Beyond this point, only cocktails. Seemed like a good approach.
Hill Country Texans have the purposeful practice of sitting down to watch the sun set. Mother and I pulled up our chairs at the County Line on the Hill and each ordered a Skinny Dulce Vida Rita for the show. We were not sure what aspect of the drinks that arrived was “skinny,” but the word gave us a welcome sense of salvation. For those few moments, as the sky reddened, ours did indeed seem a sweet life. Yet, all the while, my apprehension about the years to come was coloring this memory in the making.
Later that night, Mother and I began sifting through her many boxes of keepsakes. We had been told that activities stimulating her memories of life would help strengthen her ability to remember things in the present, so this seemed a good activity and, anyway, we need to reduce the stuff in her storage unit, which is mostly keepsakes, needlecraft stuff, and the outrageous amount of dishware required to sustain a lifetime of entertaining like a Southern lady.
I took this picture myself, but something about the clouds reminded me of an endless regression of Texas sunsets in my memory, the archetypal image of my home's landscape.
I learned many things about my mother as we pulled out old letters and dance cards from her youth. People and events popped back into her view as she remembered them after decades of never thinking about them. When we stumbled across my baby book, I was surprised at how carefully she had documented my first seven years. Here, as recorded for the first time, were tales of my early childhood that I suddenly realized were not my memories at all, but stories about myself told to me so often I had internalized them. The people around us have such a hand in forming who we think we are.
I was brought up short by the discovery of two envelopes stapled into the book. One contained clippings from my first haircut. I held these bits of my own hair with no sense of belonging to them and I thought of Mark’s comments about the disconnect between the atoms of the body and the experienced self. But the other envelope I did not open. It held the tooth I lost when I fell on my grandmother’s concrete porch as a toddler. I hit my head that day and sustained a wound in the middle of my forehead. My father, then a medical student, did not take me for stitches. Afterward, my mother blamed him for the scar I carried into adulthood, any blemish on a girl a tragedy in 1950s Texas. I have heard the tale of my head bleeding, my mother crying, and my father simply squeezing my skin together and cleaning it so many times that I feel I “remember” it. But somehow the physical artifact of the actual tooth carried too much reality and I did not feel like looking at it.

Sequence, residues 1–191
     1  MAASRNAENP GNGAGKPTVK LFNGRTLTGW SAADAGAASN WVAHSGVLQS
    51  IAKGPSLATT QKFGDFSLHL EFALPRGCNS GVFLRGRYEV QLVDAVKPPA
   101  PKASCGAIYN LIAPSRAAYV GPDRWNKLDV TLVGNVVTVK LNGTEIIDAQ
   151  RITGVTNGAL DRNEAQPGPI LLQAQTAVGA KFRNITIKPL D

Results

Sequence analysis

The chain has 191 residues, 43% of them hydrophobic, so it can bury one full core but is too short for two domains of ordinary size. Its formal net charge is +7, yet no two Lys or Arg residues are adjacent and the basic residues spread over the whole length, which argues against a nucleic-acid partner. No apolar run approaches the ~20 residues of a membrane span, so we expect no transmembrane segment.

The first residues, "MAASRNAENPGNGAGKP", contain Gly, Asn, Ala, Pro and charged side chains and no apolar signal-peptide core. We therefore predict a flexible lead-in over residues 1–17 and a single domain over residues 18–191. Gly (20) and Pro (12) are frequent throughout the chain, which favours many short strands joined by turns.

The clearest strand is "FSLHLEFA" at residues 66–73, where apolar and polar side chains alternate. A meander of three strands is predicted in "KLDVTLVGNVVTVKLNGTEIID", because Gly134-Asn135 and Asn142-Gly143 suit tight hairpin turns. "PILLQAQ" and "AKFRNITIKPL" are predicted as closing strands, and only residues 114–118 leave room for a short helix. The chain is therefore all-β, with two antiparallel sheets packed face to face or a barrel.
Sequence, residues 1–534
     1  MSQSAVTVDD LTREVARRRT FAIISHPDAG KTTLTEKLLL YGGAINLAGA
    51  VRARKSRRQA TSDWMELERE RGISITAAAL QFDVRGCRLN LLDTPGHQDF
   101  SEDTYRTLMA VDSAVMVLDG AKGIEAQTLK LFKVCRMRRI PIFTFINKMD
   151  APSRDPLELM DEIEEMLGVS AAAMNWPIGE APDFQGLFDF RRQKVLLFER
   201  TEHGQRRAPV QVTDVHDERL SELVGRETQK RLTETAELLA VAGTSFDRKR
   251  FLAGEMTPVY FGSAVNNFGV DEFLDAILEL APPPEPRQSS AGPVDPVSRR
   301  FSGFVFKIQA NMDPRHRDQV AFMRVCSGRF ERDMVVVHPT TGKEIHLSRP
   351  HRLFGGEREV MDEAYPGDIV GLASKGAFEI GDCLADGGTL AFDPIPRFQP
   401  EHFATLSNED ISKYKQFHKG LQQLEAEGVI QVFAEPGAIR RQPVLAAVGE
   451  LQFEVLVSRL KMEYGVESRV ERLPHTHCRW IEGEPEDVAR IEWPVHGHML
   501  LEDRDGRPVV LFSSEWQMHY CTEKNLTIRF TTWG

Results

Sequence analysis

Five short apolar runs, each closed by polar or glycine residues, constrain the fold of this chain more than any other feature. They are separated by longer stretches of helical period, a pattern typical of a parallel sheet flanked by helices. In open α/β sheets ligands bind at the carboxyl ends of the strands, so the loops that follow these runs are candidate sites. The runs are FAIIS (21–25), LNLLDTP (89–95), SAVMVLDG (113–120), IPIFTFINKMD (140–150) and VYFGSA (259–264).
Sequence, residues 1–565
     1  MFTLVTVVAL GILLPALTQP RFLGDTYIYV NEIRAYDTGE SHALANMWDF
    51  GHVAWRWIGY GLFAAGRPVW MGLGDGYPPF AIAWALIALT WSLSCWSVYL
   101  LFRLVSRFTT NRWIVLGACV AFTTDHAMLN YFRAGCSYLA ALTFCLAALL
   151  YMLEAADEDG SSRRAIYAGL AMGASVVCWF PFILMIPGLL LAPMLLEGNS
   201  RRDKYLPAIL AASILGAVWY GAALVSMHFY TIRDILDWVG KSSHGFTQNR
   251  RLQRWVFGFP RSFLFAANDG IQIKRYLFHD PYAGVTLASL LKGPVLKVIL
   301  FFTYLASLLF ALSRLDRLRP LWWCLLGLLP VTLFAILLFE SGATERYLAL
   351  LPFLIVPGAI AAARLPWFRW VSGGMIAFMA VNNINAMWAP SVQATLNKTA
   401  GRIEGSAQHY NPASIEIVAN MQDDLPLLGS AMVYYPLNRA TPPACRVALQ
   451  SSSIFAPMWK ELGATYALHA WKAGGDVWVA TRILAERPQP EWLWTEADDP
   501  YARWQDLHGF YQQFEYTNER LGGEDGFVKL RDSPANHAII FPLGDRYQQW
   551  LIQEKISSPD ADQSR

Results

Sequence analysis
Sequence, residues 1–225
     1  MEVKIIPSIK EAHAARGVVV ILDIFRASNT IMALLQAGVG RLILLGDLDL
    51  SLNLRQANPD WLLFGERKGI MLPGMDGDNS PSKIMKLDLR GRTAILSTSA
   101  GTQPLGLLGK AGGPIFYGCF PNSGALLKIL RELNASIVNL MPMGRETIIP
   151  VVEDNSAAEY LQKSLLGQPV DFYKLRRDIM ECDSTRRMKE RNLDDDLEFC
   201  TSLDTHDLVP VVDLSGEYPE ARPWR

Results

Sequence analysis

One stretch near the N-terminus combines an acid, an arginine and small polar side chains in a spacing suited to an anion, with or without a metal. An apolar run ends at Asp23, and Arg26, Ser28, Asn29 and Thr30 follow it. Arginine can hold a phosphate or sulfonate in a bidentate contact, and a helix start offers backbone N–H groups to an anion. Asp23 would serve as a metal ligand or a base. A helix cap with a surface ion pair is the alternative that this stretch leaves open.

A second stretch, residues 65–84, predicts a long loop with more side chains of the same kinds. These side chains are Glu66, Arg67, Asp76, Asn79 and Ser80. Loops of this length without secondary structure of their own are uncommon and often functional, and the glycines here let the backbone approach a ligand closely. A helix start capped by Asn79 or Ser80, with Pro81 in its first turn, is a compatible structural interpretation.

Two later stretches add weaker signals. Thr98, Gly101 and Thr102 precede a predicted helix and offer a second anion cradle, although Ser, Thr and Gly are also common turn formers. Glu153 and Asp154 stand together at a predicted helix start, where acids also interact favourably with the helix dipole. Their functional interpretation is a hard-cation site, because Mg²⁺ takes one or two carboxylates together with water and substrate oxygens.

We are more than our hair and teeth. Our needs are for dignity and self expression as much as for those “basic necessities” that merely maintain these temporary atoms. Our worth vastly exceeds the value of the chemicals of which we are made, and, just as surely, we are not reducible to the manner in which we earn a wage. We seek love far more than we strain to “maximize our utility,” yet we have allowed ourselves to become enthralled by a theory of material life that denigrates our spiritual and social needs as “irrational,” favoring instead the demands of hair and teeth. These ephemeral companions, our ever-changing atoms, have so displaced our values that we have created a dominant world view in which the work of caring for the very young, the very ill, and the elderly is treated as an unmonetized indignity, a “private matter” for which we “take time off” from our careers–as if climbing the ladder were our real mission in life–and hope not to be too harshly punished.
Same scene at County Line on the Hill, as the sun actually sets.
We are coming upon a time in which the care of the elderly and the ailing will command more of our attention than the care of infants. This different kind of care will, I fear, rip us apart, exerting intense social, cognitive, emotional, financial, and spiritual pressure. But we have embraced a notion of economic priorities that will make us utterly unprepared for what is happening to us and to our loved ones. This confrontation, along with many other coming moments of truth, demands we invent a new economics.